Understanding transaction flow on your marketplace

Transaction flow can be complicated to understand. When you first launch your marketplace, as strange as it may sound, the most important thing isn’t how many users sign up, but whether you are satisfying their needs. Your marketplace is all about transactions – you are facilitating transactions between your vendors and your customers – and this process needs to be as smooth as possible and well thought out. 

You should be aiming for high liquidity, or put more simply, lots of successful transactions. To reach this goal you’ll need to ensure transactions are seamless, think back to how you want searches to be completed and displayed and what works best for your business. Even if you have that perfected, and customers can easily find what they’re looking for, a transaction is still not guaranteed. Here we’ll talk about giving yourself the best chance to ensure it is.

A standard transaction flow is usually made up of a customer payment, money (less the marketplace commission) being moved to the vendor, and reviews being given on both sides.


Taking these stages one at a time, let’s start with the payment. Will your marketplace transaction involve an online payment? The answer is usually yes, and with that can come problems. Fortunately though, as previously discussed in ‘which online marketplace payment solution is best?’, there are a number of excellent payment services vendors with solutions designed specifically for marketplaces. Begin by selecting a payment method, how you want the checkout process to work, and when payment will occur. 

One of the most frequently used methods of payment online is with credit cards. Not only can they be used globally, they also provide a level of cover with regards to fraud. After credit cards, Stripe has been considered the most well-known method of payment on marketplaces globally. They too offer an element of protection for both buyers and sellers and most people are already comfortable with using them.

It won’t surprise you to know that online payments are heavily regulated. That means it can be simpler to use existing software rather than creating something new and all the compliance that that will involve. With many payment service vendors specialising in the marketplace arena, it can be the easier option to use one of them. Going back to Stripe, as they are already PCI compliant means you don’t need to be. 

Each existing supplier will have its advantages and disadvantages – some charge lower fees, some are easier to integrate, some will provide more buyer and seller protection. Do your research, work out which is the best fit for your business and make sure they can deliver everything you need to give your users an exceptional experience.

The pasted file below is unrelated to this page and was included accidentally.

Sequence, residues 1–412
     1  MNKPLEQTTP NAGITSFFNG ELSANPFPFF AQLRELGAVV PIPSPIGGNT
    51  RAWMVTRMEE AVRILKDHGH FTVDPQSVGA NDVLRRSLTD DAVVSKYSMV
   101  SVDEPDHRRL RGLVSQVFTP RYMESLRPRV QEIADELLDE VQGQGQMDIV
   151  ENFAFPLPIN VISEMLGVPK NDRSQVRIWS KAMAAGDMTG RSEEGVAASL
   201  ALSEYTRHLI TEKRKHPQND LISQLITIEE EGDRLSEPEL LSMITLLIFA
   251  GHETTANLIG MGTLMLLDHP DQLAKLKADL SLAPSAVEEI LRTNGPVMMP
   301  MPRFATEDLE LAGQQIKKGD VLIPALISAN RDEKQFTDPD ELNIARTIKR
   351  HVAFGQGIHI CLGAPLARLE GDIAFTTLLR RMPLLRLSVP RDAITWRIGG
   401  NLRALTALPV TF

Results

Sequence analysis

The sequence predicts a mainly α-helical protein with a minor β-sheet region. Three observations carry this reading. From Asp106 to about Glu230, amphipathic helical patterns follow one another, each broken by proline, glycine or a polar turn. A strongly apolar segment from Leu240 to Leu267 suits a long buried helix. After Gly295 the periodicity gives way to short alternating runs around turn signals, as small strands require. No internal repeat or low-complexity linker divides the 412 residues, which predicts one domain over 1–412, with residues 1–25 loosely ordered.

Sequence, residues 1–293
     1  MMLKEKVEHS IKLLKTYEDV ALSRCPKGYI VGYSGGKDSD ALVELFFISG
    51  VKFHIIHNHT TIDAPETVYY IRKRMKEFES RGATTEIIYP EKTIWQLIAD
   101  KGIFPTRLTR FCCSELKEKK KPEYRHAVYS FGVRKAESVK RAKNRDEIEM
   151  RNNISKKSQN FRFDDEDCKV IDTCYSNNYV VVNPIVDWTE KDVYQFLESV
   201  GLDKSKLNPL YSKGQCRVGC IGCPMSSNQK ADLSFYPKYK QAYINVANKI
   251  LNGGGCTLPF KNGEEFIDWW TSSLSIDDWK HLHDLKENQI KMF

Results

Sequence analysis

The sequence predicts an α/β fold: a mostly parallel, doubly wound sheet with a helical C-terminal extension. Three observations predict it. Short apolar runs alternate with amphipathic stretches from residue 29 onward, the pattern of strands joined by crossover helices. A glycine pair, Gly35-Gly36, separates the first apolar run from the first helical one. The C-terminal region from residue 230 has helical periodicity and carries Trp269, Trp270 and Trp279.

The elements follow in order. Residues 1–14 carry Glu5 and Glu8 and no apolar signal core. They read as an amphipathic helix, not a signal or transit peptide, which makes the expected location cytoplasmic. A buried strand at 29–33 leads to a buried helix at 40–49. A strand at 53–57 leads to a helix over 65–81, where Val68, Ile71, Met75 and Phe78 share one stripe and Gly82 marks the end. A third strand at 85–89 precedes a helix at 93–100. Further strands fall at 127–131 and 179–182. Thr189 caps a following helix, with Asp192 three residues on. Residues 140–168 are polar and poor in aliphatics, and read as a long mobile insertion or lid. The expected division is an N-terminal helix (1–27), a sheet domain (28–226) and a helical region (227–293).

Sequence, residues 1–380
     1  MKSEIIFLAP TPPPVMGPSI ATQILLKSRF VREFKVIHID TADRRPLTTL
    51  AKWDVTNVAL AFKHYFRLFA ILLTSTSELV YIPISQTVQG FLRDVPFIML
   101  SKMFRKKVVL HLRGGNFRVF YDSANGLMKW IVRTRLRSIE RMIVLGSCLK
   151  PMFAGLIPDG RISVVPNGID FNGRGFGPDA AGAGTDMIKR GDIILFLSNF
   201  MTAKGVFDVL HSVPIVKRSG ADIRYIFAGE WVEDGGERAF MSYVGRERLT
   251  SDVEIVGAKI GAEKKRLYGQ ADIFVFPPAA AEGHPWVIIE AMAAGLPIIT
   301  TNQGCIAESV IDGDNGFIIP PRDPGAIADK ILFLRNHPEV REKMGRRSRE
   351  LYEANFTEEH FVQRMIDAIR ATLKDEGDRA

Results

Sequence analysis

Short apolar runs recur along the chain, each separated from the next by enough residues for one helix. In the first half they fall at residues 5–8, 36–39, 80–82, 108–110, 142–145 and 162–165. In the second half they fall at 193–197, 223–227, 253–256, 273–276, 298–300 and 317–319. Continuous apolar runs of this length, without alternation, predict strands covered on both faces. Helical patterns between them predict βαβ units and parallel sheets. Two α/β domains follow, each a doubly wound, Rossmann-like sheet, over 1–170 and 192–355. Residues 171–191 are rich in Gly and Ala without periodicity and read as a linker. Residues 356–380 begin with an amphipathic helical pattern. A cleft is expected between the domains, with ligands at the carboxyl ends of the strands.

Once a customer has chosen a product (or service) they then need to complete a number of steps in the marketplace checkout process. Historically online, this process has involved a shopping basket and once you’ve finished adding to your basket you proceed to checkout. If your marketplace is such that customers are likely to make multiple purchases this is probably still your best option.

More recently, however, marketplaces haven’t found the need for a basket as it adds an unnecessary step to the process. The key is to only have as many steps as you need and no more so, if you can buy something or book something by clicking on it and instantly going to payment, all the better and no basket is required. 

Research has also found that baskets get abandoned – a lot! – so the quicker you can complete the transaction process the more likely it is to go through to completion.

Some sites like people to register before completing transactions, think about whether it will be beneficial to you to have people sign up and if the additional information is worth lengthening the process the first time.

Most eCommerce sites have traditionally transferred money as soon as checkout is complete, particularly on sites that sell physical products that are then posted out. 

This system isn’t such a good fit for sites that rent out or provide a service where the vendor may want to take time to approve and review the request to purchase. In this case, along with instant booking there may be options for pre-authorisation, where credit card details are added but the money isn’t transferred until approval is given by the vendor. If approved the card is charged, if not no transfer is ever made. Bear in mind, if you want to accept bank transfer, pre-authorisation won’t be an option.